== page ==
Ravi S.

UC Berkeley chemistry grad, applying to med school

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Physics (Newtonian Mechanics)

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Question:

If energy of a system must be conserved, why is it that work can be done on a system?

Ravi S.

Answer:

We must refine the statement "the energy of a system must be conserved" to the more specific and accurate statement "the energy of a system which has zero net force acting on it must be conserved". This is the case because non-zero net force leads to work being performed, either on or by the system. Hence, as I think you have discerned, work on or by a system means a change in that system's energy. In this context, one can see that it is very important to consider what we are setting our system as. You might hear people say "energy of the universe is conserved", which makes sense since we assume that all the forces we know of are acting within, not on, the universe. Therefore zero forces on the universe means net zero force on the universe, hence no work, hence conserved energy.

Chemistry

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Question:

Can you explain the equation ΔG = ΔH - TΔS and why it is useful?

Ravi S.

Answer:

Absolutely. First, lets think about what ΔG, ΔH, and ΔS mean. ΔG represents the change in Gibbs free energy from the start to the end of some process, like a reaction. Gibbs free energy represents the "ability to do thermodynamic work", but more importantly for us, the change in free energy tells us whether a process is spontaneous or not. A positive value of ΔG means the process is not spontaneous, while a negative value of ΔG means the process is in fact spontaneous. ΔH represents the change in enthalpy, or in other words how much heat is added or released. A negative value of delta H indicates heat is released (exothermic), while a positive value indicates heat is added (endothermic). ΔS represents the change in entropy, or in other words the change in randomness of the system in question. A positive value represents an increase in entropy, while a negative value represents a decrease. The equation ΔG=ΔH-TΔS relates these three values together, along with temperature (T). This equation is tremendously useful because it allows us to figure out the ΔG, therefore if a reaction is spontaneous, using ΔH, T, and ΔS. Note how ΔG will be driven negative by a more negative ΔH, indicating the more exothermic a reaction is, the more likely it will be spontaneous. This makes sense, since systems are driven to minimize their energy, which includes enthalpy (internal energy). It also makes sense that ΔG will be driven negative by a more positive ΔS, since increased randomness in a system is favorable. Temperature serves to magnify the effect of ΔS, whether in a favorable or unfavorable direction. It is possible to have a negative ΔG for an endothermic reaction if TΔS is sufficiently positive, therefore -TΔS sufficiently negative, to overcome the ΔH. Likewise, it is possible to have a negative ΔG for a reaction with negative ΔS if ΔH is sufficiently negative to overcome the TΔS factor.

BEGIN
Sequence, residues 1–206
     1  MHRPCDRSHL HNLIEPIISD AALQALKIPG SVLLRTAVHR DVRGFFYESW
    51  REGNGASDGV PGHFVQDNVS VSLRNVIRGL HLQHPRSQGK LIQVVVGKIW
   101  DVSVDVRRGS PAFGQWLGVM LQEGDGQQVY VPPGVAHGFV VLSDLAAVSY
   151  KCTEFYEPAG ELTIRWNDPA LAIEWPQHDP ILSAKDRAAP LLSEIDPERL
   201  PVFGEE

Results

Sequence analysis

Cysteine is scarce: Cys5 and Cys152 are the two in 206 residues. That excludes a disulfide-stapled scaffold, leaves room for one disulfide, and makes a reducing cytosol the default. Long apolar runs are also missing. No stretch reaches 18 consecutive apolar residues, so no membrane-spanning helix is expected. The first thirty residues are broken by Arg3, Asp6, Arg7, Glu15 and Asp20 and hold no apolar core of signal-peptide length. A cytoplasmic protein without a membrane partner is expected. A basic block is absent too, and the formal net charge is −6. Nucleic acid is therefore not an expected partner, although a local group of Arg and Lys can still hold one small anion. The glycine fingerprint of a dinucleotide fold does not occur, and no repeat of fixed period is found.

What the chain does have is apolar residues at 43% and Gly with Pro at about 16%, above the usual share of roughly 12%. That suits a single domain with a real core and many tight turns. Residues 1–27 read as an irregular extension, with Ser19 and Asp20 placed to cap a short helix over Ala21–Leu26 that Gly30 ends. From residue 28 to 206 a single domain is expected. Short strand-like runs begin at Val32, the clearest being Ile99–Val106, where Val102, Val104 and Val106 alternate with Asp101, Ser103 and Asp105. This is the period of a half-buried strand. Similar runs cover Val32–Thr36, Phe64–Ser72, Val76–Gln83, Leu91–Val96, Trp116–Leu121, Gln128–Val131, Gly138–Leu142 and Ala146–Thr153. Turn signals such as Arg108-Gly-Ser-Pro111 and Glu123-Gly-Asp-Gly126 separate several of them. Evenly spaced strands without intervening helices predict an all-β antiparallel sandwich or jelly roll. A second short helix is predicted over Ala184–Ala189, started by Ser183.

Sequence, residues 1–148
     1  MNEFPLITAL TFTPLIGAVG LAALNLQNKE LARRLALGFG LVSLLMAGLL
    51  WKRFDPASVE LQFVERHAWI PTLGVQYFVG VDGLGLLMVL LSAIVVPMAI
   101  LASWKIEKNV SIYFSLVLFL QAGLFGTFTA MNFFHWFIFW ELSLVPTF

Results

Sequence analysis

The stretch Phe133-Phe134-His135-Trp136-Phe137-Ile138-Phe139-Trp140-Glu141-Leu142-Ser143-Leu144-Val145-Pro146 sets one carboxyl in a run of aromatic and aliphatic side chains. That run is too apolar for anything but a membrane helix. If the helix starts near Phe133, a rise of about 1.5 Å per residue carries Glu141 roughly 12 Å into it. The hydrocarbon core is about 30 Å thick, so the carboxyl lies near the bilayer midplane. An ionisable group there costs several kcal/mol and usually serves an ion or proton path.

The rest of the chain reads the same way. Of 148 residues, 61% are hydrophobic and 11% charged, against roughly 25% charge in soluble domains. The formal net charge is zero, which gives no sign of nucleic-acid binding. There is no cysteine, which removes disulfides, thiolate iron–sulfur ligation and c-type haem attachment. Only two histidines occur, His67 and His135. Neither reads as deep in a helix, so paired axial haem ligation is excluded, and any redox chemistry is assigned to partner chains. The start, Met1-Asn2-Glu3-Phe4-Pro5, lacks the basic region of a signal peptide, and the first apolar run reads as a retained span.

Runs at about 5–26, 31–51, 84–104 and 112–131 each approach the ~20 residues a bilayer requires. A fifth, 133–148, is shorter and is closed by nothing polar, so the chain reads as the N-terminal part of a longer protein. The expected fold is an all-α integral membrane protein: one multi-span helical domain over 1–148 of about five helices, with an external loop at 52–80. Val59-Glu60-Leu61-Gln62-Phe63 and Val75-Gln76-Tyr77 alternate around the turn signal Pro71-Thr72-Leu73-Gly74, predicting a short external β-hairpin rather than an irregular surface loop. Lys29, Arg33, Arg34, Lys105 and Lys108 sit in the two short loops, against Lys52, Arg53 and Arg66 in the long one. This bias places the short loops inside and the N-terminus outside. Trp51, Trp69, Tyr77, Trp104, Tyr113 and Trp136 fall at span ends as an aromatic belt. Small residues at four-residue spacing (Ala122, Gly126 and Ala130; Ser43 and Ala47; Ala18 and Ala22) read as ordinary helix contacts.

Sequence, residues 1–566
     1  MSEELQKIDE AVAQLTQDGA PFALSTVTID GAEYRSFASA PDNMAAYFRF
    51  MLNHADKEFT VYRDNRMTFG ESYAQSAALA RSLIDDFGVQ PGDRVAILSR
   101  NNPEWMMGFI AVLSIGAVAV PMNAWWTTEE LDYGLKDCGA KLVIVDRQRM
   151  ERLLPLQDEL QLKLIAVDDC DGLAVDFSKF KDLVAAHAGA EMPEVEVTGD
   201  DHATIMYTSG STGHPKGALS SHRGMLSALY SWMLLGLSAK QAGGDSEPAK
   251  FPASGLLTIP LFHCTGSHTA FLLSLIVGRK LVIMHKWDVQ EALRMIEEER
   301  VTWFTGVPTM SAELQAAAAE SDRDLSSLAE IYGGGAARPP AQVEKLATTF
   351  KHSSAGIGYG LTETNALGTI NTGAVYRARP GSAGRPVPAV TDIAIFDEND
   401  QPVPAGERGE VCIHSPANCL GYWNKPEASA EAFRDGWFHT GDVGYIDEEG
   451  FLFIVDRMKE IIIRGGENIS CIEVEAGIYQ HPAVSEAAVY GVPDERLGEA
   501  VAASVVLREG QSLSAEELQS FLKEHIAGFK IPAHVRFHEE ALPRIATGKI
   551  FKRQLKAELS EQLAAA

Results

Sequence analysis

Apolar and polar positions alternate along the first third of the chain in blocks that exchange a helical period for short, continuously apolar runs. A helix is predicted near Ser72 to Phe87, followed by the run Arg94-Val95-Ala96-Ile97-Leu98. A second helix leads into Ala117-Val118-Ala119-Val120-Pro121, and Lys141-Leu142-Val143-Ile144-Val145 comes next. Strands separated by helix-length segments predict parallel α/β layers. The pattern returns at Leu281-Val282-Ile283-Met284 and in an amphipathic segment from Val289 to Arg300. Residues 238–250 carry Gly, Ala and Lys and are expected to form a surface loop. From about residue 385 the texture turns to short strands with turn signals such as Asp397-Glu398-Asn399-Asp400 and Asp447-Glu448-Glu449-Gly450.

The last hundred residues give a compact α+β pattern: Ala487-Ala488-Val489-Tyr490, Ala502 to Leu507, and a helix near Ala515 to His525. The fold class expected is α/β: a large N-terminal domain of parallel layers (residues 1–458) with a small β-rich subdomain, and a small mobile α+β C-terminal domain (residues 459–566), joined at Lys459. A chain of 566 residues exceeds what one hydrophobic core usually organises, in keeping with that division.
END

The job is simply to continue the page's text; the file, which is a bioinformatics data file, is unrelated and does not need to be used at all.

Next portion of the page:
Macroeconomics

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Question:

Can you describe the basics of the macroeconomic output vs. income curve and the aggregate expenditures vs output graph?

Ravi S.

Answer:

Sure thing! To start off, for the output vs income curve, we assume the dollar value of an economy's output equals its income. In other words, how much people make equals how much they produce. Therefore, the equation that describes this graph is simply y=x, where y is output and x is income. It helps to plot this out for visualization purposes. For the aggregate expenditures vs output graph, the equation here is y=(mpe)(x) + AutE , where y is aggregate expenditures, mpe is the marginal propensity to expend, x is output, and AutE is autonomous expenditures. As its name describes, mpe describes the likelihood of spending extra earned money. More money in the hands of Americans means they will go out and spend some amount of that extra money. Therefore it makes sense that mpe is the slope of our graph, since earning more income leads to an increase in spending based on the mpe. Autonomous Expenditures, on the other hand, are an economy's flat-rate, basic expenses, which don't change based on an economy's income (at least to a large extent). Think of this as healthcare spending, or perhaps defense spending. Therefore, it makes sense that autonomous expenditures represent the y-intercept of our graph, since even if an economy's theoretical income was 0 (which wouldn't make much sense by the way), it would still have its autonomous expenditures to pay for.

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